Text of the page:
MKS joins the midsize MKZ sedan derived from the Mercury Milan, and the midsize MKX crossover derived from the Ford Edge in the MK-and-add-a-letter game of confusion.
MKS is derived from the midsize Ford Taurus and produced in Chicago. Like Taurus, it offers front-wheel- or all-wheel-drive.
We tested the AWD version built on the same 112.9-inch wheelbase as Taurus, but it's 4 inches longer and 1.5 inches wider for more cabin room and comfort.
MKS is powered by a 3.7-liter version of the 3.5-liter Taurus V-6 with an upgrade to 273 horsepower and 270 pound-feet of torque from 260 h.p. and 245 pound-feet for Taurus.
Ford boasts the 3.7 was engineered to deliver quicker response leaving the light or pulling out to pass, while getting 17 m.p.g. city/23 m.p.g. highway with AWD (17/24 with FWD). The V-6 is teamed with a 6-speed automatic transmission with manual-mode shifting.
Being loaded with creature comforts and luxury amenities, MKS also is about 600 pounds heavier than Taurus, weight you feel in the wheel when accelerating or taking corners and turns. MKS doesn't float like a boat or wander like a Town Car. Though larger than Taurus, it still slips into and out of parking spaces and garage stalls. But a bit more nimble steering would reduce the weighty feel in the wheel.
More oomph is coming next spring, when the 2010 MKS will be the first beneficiary of Ford's EcoBoost system, in which turbocharging will will give V-6s the kick of a V-8 with no loss of fuel economy.
MKS, initially in AWD form only, will offer a twin-turbo EcoBoost version of the 3.5 V-6 that develops 340 h.p. and 340 pound-feet of torque and promises much quicker acceleration and more agility into and out of corners. AWD combats wheel slippage by directing torque between front and rear wheels when needed. MKS also is blessed with stability control with traction control to correct skids and anti-lock brakes and side-curtain air bags just in case.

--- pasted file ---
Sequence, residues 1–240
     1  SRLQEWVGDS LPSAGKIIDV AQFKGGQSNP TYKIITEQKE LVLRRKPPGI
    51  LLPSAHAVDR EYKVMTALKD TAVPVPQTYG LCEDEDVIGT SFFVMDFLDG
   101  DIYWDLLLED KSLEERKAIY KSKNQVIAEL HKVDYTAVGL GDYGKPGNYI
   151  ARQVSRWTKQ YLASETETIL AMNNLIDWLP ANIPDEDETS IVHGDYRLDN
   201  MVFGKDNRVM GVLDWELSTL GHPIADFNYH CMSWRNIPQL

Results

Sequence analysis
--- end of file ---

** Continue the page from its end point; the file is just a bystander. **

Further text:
MKS styling attracted the younger-than-40 as well as older-than-60 crowds with its double wing, thick, chrome-bar grille inspired by the 1941 Continental. A chrome band around the side windows adds a touch of class as well.
The cabin is comfy. Seats are well cushioned and side bolsters keep you from being tossed around. Rear-seat room is ample for two adults, and you can squeeze a child in between. The trunk is large and deep.
Neatest features are the ebony cabin trim of wood reclaimed from furniture makers and the capless fuel-tank filler neck that ends the fumbling to open and close and the risk of leaving it at the station. Simply stick the nozzle in and take it out. A spring-loaded flapper door does the rest.
Couple gripes: Driver/passenger center armrests slide rather than locking in place, and the forward-sensing system beeps if you pull too close to the vehicle ahead even when parking or in bumper-to-bumper traffic. And you thought rush hour was already intolerable. Duct tape the armrests in place and turn off the forward sensor the day you buy the car.
Then there are the voice-activated audio and climate controls, which aren't quite. To turn the radio on, you:
•Press the voice-control button on the steering column;
•Wait for the voice to say "Give a command,"
•Say "radio on."
It's much simpler to turn the radio on the old-fashioned way—by hitting the "on" button.
MKS starts at $37,665 with FWD, $39,555 with AWD. Amenities include seats that are heated and cooled upfront and heated in back; dual-zone climate control; push-button start; power windows/locks/(heated) mirrors; and SYNC, a voice-activated interface for cell phones and digital music players.
The test vehicle came with the $5,715 Ultimate package that pretty much says it all. It includes a Technology package with sunroof with glass over front (power) and back seats (fixed), rain-sensing wipers, adaptive headlamps that move in the direction of a turn; and a voice-activated DVD navigation package with rearview camera and THX surround sound. Adaptive cruise control that beeps and brakes to keep you at a safe distance from the vehicle ahead is a $995 option.
Lincoln expects to sell about 40,000 annually.
Read Jim Mateja Sunday in Transportation. Contact him at firstname.lastname@example.org.